Farming Income


Hobby Farm loss calculation for 1998 on.

QUESTION: Our children bought a hobby farm in the  Cariboo.  Where would we search to find  out the tax implications of such a  purchase?  (They have 10 acres, a barn,  outbuildings etc.)


ANSWER: The fact that you have called it a hobby farm means that it has NO tax consequences on anybody's tax return.  There are no tax deductions associated with a hobby farm.




Loss up to $2,500                

 $______________    $_____________   B


Balance - up to $12,500         $______________  C


Half of Balance (max $6,250) $______________    $_____________   D


Restricted Farm Loss (Max $8,750)     (B + D)       $_____________       $_____________ E


Carry Forward Restricted farm Loss     (A - E)        $_____________ F


The carry forward loss can only be used against future farming profits. 


A WORKING (non-restricted) farm is one where the farm is the principal source of work and income and in this case 100% of losses are deductible but there is not usually anything to deduct them against.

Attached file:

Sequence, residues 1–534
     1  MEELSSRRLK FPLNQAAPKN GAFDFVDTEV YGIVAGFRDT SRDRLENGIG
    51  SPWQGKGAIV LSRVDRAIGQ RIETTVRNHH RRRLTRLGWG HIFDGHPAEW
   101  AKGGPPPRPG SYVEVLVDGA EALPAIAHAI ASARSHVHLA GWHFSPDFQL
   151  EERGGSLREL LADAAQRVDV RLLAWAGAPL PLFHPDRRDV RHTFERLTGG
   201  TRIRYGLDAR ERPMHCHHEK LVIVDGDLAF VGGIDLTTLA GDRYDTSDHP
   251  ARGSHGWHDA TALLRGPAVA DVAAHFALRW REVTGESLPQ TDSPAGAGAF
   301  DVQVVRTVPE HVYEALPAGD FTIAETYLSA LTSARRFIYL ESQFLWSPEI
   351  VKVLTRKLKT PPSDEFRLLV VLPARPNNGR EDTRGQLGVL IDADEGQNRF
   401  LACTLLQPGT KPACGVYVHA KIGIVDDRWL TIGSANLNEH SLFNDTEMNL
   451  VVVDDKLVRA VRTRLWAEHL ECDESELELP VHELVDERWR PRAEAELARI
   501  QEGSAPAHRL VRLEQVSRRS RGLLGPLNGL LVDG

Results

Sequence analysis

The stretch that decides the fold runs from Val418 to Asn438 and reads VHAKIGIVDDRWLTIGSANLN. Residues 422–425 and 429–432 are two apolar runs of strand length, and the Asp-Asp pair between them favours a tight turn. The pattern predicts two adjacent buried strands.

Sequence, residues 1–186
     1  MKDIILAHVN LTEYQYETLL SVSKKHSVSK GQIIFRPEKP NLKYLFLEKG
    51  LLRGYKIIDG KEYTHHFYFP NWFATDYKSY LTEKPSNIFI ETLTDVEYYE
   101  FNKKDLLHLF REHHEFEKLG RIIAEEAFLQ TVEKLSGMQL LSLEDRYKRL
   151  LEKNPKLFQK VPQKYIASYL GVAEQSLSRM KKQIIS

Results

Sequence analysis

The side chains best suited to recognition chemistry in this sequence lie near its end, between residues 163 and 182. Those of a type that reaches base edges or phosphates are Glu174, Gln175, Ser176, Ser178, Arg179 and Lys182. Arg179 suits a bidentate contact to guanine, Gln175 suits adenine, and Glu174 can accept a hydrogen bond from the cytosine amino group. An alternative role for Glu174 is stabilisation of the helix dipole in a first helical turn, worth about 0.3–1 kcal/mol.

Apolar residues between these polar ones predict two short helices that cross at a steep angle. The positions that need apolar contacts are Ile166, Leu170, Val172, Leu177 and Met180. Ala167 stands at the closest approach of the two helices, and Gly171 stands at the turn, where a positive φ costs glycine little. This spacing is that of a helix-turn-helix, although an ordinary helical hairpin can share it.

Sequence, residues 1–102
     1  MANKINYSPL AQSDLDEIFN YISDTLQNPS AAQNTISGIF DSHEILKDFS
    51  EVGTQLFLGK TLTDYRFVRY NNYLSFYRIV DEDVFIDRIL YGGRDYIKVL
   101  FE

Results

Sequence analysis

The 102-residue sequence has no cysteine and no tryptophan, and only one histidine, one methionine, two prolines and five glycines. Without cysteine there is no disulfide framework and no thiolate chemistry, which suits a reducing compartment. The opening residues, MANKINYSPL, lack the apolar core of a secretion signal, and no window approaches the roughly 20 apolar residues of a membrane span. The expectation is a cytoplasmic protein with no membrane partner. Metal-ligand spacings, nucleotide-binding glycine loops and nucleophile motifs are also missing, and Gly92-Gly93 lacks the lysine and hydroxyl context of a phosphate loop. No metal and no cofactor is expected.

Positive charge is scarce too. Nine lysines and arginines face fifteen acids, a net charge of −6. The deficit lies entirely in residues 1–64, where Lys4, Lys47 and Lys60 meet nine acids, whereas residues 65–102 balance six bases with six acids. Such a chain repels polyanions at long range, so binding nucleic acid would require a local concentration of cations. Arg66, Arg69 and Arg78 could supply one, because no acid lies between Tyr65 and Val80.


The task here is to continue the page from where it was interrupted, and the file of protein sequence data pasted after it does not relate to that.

The CCRA (old revenue Canada) also has a farm pamphlet which explains the basics well.  You can get it mailed to you or pick it up off the web at:


My own chapter is far superior when it comes to the definition however, because it gives specific tax cases for you to compare your own operation with.

There is no limitation on the size of the farm.  Small poultry operations can be run successfully on 10 acres. Small orchards of 10 acres can be a working farm.  On the other hand, 640 acres of horse ranch owned by DAND AUTO Parts was ruled to be a restricted farm even though they were grossing significant amounts of money.

Hope this helps

david ingram

 From 1990 Ultimate Year Round Tax Guide


The major farming cases have been moved to the section on EXPECTATION of PROFIT (about page 180 - see alphabetical list at bottom of page under Profit, expectation of.) This has been done so that they were accessible by any businessperson. By keeping these farming cases in the farming section, other business people with no interest in farming would not have seen them.

Since 1988 CCRA has recognized: Gentleman Farmers, Hobby Farms, Dual Incomes

Since 1989 CCRA has recognized:Fish Farmers

Fish Farming is causing great consternation in the fishing industry. The courts are treating them as farmers rather than fishermen as the following case shows.